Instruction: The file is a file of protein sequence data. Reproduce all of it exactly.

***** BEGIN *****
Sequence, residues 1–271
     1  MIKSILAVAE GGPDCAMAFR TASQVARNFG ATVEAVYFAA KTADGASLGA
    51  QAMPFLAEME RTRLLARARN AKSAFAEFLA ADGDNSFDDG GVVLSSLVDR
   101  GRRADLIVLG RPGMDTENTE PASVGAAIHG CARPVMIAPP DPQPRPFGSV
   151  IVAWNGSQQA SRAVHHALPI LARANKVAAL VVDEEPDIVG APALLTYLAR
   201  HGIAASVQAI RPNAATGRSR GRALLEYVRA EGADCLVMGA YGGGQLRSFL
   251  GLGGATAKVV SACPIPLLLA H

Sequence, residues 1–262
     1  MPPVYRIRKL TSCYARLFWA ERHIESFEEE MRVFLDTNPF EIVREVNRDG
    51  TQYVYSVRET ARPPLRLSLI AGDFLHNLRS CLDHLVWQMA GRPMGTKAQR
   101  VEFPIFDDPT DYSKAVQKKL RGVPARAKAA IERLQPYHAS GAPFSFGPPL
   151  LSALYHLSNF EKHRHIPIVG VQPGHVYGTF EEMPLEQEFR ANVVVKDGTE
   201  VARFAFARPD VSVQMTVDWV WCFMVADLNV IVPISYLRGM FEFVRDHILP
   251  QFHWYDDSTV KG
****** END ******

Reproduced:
Sequence, residues 1–271
     1  MIKSILAVAE GGPDCAMAFR TASQVARNFG ATVEAVYFAA KTADGASLGA
    51  QAMPFLAEME RTRLLARARN AKSAFAEFLA ADGDNSFDDG GVVLSSLVDR
   101  GRRADLIVLG RPGMDTENTE PASVGAAIHG CARPVMIAPP DPQPRPFGSV
   151  IVAWNGSQQA SRAVHHALPI LARANKVAAL VVDEEPDIVG APALLTYLAR
   201  HGIAASVQAI RPNAATGRSR GRALLEYVRA EGADCLVMGA YGGGQLRSFL
   251  GLGGATAKVV SACPIPLLLA H

Sequence, residues 1–262
     1  MPPVYRIRKL TSCYARLFWA ERHIESFEEE MRVFLDTNPF EIVREVNRDG
    51  TQYVYSVRET ARPPLRLSLI AGDFLHNLRS CLDHLVWQMA GRPMGTKAQR
   101  VEFPIFDDPT DYSKAVQKKL RGVPARAKAA IERLQPYHAS GAPFSFGPPL
   151  LSALYHLSNF EKHRHIPIVG VQPGHVYGTF EEMPLEQEFR ANVVVKDGTE
   201  VARFAFARPD VSVQMTVDWV WCFMVADLNV IVPISYLRGM FEFVRDHILP
   251  QFHWYDDSTV KG